“Both crews would have done better if they had been drawn into better lanes for the preliminary heat, which would have put them on a more equal footing with the crews that beat them,” Simpson said.
Despite the wind, the novice men, who competed in the Men’s Collegiate Second Varsity heat, managed to beat their personal best time for a 2,000-meter race. The team finished in eighth place against Northeastern University, University of California Berkeley, Stanford University, Gonzaga University, UCSD, University of California Los Angeles (UCLA) and Santa Clara University with a time of 7 minutes and 11.93 seconds.
“The men’s novice team met my expectations Friday night, before the racing even began,” said Jonathan Flietstra, men’s novice coach. “We have two novice eights still committed to showing up every day – still committed towards coming to practice; still determined to get better, faster, stronger and become great rowers. When I rowed, by this time in the season, it was normal to maybe have eight guys left. So, when I am asked if the weekend at San Diego was successful or not, I am not looking at Saturday or Sunday. Instead, Friday evening, as I am privileged to be a part of the rowing program at [California State University of Long Beach] in this kind of growth.”
Reginald Harris, a novice who joined in January, took part in this novice boat. He had competed in only two races prior to Crew Classic.
“I think it would be better if we focused on the whole race, [so that we don’t] die off at the end of the race,” he said.
Harris mentioned that in the heat the crew had a strong start, and the petite final (places 7-12) that took place on Sunday also felt strong up until the second half.
In order to prepare for Crew Classic, the men’s and women’s teams both held double practices each day over the spring break (March 31-April 3) that lasted four to five hours each day.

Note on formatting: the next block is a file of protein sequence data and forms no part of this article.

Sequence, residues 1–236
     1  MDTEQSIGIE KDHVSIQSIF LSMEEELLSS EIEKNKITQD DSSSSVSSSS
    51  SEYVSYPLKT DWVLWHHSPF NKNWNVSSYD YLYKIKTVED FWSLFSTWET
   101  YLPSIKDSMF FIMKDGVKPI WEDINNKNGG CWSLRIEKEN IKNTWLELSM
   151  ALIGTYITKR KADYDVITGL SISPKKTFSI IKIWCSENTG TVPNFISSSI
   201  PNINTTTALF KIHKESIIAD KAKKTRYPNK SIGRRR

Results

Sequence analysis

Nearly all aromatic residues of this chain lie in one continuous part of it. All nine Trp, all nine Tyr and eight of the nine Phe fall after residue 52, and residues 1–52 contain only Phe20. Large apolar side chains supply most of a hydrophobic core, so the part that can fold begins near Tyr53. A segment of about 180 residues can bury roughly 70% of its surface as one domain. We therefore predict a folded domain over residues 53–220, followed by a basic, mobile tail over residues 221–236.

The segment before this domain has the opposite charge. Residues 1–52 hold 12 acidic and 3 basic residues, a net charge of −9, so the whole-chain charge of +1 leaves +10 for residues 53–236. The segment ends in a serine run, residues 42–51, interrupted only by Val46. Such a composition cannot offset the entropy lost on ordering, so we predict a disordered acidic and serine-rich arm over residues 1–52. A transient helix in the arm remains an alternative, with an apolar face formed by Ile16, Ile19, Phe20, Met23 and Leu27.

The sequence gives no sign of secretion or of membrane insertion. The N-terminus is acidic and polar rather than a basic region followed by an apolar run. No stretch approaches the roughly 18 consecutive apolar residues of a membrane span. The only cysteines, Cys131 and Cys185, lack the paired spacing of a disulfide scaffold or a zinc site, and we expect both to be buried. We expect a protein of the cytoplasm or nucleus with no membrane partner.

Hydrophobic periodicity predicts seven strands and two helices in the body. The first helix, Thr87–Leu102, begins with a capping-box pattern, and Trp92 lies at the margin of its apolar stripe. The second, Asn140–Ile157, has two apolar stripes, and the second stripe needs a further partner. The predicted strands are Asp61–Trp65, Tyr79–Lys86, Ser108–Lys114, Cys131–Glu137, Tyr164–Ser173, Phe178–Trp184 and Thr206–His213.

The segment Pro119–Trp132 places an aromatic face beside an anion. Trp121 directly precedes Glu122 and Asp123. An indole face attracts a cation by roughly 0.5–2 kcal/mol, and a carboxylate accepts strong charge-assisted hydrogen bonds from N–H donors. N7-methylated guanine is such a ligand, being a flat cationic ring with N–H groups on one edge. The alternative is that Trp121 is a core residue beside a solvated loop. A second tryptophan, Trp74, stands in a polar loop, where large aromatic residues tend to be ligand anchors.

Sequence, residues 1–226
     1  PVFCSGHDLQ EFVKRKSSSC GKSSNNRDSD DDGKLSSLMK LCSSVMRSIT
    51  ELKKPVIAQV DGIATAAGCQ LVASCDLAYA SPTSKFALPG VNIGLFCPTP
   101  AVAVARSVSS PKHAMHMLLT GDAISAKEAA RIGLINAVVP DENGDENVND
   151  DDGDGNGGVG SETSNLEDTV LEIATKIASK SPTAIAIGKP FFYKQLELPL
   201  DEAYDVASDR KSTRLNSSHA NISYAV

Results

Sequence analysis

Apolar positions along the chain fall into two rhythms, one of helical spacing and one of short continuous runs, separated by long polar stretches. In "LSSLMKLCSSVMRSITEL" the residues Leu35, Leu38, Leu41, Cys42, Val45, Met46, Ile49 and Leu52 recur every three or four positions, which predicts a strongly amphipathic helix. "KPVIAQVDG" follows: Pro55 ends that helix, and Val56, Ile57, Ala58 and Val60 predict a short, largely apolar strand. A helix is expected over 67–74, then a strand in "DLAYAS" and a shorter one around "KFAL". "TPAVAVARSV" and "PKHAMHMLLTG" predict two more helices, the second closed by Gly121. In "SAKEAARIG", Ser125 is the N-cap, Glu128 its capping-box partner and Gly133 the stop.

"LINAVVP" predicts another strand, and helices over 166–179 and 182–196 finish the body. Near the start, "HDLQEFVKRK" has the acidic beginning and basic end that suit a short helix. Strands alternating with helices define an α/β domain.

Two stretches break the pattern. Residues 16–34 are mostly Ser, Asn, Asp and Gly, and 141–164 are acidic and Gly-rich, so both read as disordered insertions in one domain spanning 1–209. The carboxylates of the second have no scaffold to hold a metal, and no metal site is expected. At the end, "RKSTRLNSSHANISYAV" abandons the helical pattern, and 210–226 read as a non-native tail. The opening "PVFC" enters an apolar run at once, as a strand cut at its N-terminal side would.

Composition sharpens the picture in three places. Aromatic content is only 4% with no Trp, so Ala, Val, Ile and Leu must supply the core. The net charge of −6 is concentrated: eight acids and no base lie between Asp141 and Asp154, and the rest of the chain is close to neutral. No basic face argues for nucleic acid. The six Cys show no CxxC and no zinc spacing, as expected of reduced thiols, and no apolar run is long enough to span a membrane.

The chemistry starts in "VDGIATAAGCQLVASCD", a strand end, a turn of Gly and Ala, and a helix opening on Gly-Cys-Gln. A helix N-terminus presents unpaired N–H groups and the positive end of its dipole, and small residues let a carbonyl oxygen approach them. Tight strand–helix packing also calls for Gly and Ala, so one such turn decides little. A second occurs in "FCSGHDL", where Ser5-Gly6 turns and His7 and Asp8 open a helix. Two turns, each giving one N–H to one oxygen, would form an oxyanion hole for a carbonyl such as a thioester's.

“In the evening, we had practice at 6,” Skoll said. “We would do almost a repeat of our morning practice – not necessarily the same workout, but we would get out on the water and start rowing.”
Skoll added that in the future, the team would benefit if there were a greater focus on conditioning.
“I think ‘erging’ is important and a lot of strength training,” he said. “I think we need to build a lot of muscle – lean muscle. I feel like weights and ergs should be a bigger portion or at least a more prevalent portion than it is now.”
Flietstra noted that he plans to continue the team’s routine training as the crew prepares for the Western Intercollegiate Rowing Association Championship Regatta (WIRA).
“Many of them are determined to get bigger and stronger,” he said. “I do not think we can afford to take it easy going into WIRA. We will continue to do what we have been doing and look forward to WIRA and next season.”
In preparation for the WIRA Championships the women’s team will spend the majority of its time in stable line-ups and work hard on developing crew cohesion and a racing mentality, according to Simpson.
“While not as bad as San Diego, the Sacramento course can also be affected by crosswinds, and it is important to be in the inside lanes for every race,” he said. “Therefore, at the Chapman Invitational, I expect to see our priority boats perform well and demonstrate that they deserve to be seeded highly for WIRA.”
Full results of the San Diego Crew Classic: http://www.crewclassic.org/results/2014.html